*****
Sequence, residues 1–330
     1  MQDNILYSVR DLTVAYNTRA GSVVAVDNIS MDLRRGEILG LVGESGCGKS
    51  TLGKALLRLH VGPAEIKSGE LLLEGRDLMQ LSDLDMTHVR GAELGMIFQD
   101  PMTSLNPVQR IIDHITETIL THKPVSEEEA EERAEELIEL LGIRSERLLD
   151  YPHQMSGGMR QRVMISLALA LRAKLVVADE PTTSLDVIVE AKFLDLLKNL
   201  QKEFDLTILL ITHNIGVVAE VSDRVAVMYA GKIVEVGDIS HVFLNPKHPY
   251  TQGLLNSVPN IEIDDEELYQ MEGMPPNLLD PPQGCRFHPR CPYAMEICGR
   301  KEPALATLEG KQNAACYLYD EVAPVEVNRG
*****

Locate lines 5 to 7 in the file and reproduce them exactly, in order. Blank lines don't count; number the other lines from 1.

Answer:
   151  YPHQMSGGMR QRVMISLALA LRAKLVVADE PTTSLDVIVE AKFLDLLKNL
   201  QKEFDLTILL ITHNIGVVAE VSDRVAVMYA GKIVEVGDIS HVFLNPKHPY
   251  TQGLLNSVPN IEIDDEELYQ MEGMPPNLLD PPQGCRFHPR CPYAMEICGR